Monday, September 28, 2009
Sonny ROLLINS - Saxophone Colossus 1956
Recorded at: Van Gelder Studio, Hackensack, New Jersey 1956
Audio CD (March 21, 2006)
The year 1956 marked a turning point for Sonny Rollins. Out of the ashes of what had been a talented but troubled young tenor saxophonist, came a new Sonny Rollins, his purpose clarified and strengthened, his muse razor sharp and brimming with new visions. As a new member of the Clifford Brown/Max Roach Organization, he was inspired as much by their spiritual consistency as their artistic integrity. By his own admission, even as a jazz tadpole, Sonny Rollins possessed a brawny sound and a powerful rhythmic drive...but other elements were missing.
With SAXOPHONE COLOSSUS, Sonny Rollins created a personal vision of the tenor saxophone and modern jazz brimming over with joy and conviction. SAXOPHONE COLOSSUS was a breakthrough recording, praised for its lyrical power, thematic logic, relentless swing and spontaneous invention. Borrowing a page from his West Indian roots, Rollins' "St. Thomas" employed elements of Caribbean folk melodies and calypso rhythms to create an exotic, dancing tenor anthem--one of the most identifiable, beloved themes in all of jazz--driven along by Max Roach's melodic drumming, Tommy Flannagan's shimmering accompaniment, and the saxophonist's swaggering melodic invention.
Rollins displayed fresh harmonic power and innovative methods of thematic develpment throughout SAXOPHONE COLOSSUS. On the swinging starts and stops of "Strode Rode" and the dreamy blues cycles of "Blue 7," Rollins began his solos with simple melodic motifs, and orchestrated them into grand, elongated thematic statements--every note made meaningful by Rollins' extraordinary sense of development and intuitive musical architecture. In addition, his tenor timbre took on renewed vigor and complexity on.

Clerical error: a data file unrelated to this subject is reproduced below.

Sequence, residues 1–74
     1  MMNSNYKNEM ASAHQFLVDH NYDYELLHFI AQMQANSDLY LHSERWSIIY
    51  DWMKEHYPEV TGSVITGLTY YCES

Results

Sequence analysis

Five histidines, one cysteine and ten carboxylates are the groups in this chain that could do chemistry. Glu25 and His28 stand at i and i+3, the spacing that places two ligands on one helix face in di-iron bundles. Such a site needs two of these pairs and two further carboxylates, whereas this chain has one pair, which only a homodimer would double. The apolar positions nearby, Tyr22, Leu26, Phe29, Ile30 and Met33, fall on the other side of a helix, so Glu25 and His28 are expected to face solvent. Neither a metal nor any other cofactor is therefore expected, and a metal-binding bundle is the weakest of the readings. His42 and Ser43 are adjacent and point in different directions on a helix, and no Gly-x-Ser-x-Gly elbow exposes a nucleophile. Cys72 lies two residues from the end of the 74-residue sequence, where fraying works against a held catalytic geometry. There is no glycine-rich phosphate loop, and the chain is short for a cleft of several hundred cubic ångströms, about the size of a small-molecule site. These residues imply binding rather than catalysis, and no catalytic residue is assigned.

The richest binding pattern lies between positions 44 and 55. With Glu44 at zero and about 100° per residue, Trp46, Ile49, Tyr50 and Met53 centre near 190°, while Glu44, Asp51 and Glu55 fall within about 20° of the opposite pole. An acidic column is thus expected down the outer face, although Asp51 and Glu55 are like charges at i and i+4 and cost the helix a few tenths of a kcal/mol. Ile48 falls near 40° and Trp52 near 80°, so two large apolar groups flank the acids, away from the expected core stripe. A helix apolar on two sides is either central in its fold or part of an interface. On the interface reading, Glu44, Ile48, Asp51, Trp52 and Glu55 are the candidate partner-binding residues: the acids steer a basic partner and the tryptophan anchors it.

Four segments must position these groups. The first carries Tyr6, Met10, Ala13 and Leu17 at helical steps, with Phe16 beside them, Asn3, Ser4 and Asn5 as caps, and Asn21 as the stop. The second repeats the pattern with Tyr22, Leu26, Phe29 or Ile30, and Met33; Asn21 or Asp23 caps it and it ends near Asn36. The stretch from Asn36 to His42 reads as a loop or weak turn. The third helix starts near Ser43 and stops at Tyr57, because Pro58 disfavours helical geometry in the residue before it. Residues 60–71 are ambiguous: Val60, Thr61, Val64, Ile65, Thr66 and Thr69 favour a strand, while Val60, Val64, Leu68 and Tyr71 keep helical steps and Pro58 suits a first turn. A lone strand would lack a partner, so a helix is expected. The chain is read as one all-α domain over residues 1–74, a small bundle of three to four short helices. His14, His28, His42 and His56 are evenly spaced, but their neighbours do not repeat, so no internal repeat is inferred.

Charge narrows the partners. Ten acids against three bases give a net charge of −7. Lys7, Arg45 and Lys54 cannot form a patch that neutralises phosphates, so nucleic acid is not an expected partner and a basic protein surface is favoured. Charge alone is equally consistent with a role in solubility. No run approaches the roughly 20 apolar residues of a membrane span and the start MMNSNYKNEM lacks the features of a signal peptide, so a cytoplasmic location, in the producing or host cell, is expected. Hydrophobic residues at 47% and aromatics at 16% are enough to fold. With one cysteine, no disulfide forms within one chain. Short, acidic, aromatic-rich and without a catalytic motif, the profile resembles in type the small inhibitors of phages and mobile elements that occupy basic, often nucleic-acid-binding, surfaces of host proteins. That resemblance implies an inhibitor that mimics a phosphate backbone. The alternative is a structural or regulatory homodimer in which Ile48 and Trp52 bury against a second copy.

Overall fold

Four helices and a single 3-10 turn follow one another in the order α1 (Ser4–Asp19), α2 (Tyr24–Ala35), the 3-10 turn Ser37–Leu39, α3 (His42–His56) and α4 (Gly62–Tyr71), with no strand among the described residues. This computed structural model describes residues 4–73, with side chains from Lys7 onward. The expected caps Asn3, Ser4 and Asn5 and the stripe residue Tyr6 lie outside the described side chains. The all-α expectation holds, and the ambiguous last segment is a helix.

Sonny Rollins recorded many memorable sessions during 1954-1958, but Saxophone Colossus is arguably his finest all-around set. Joined by pianist Tommy Flanagan, bassist Doug Watkins, and drummer Max Roach, Rollins debuts and performs the definitive version of "St. Thomas," tears into the chord changes of "Mack the Knife" (here called "Moritat"), introduces "Strode Rode," is lyrical on "You Don't Know What Love Is," and constructs a solo on "Blue Seven" that practically defines his style. Essential music that, as with all of Rollins' Prestige recordings, has also been reissued as part of a huge "complete" box set; listeners with a tight budget are advised to pick up this single disc and be amazed.
By Scott Yanow.
Though he lacked the improvisational fire of John Coltrane or the restless curiosity of Miles Davis, Sonny Rollins played with a rich, round tone that complemented his melodic inclinations, making him the most accessible of the postbop musicians. Saxophone Colossus is the most successful of the late 1950s albums that made his reputation. Rollins's playing never falters; he's backed by the redoubtable Max Roach on drums, Tommy Flanagan on piano, and Doug Watkins on bass. Rollins is equally at home with the lilting Caribbean air of "St. Thomas," standards ("You Don't Know What Love Is"), blues ("Strode Rode," featuring a driving Flanagan solo), and a smoldering version of Brecht-Weill's "Moritat" (better known as "Mac the Knife"). If you are new to jazz, there is no better place to start than Saxophone Colossus.
By Steven Mirkin.
Sonny Rollins (Tenor Saxophone);
Tommy Flanagan (Piano);
Doug Watkins (Upright Bass);
Max Roach (Drums).
01. St. Thomas Rollins 6:48
02. You Don't Know What Love Is DePaul, Raye 6:31
03. Strode Rode Rollins 5:19
04. Moritat Brecht, Weill 10:05
05. Blue 7 Rollins 11:17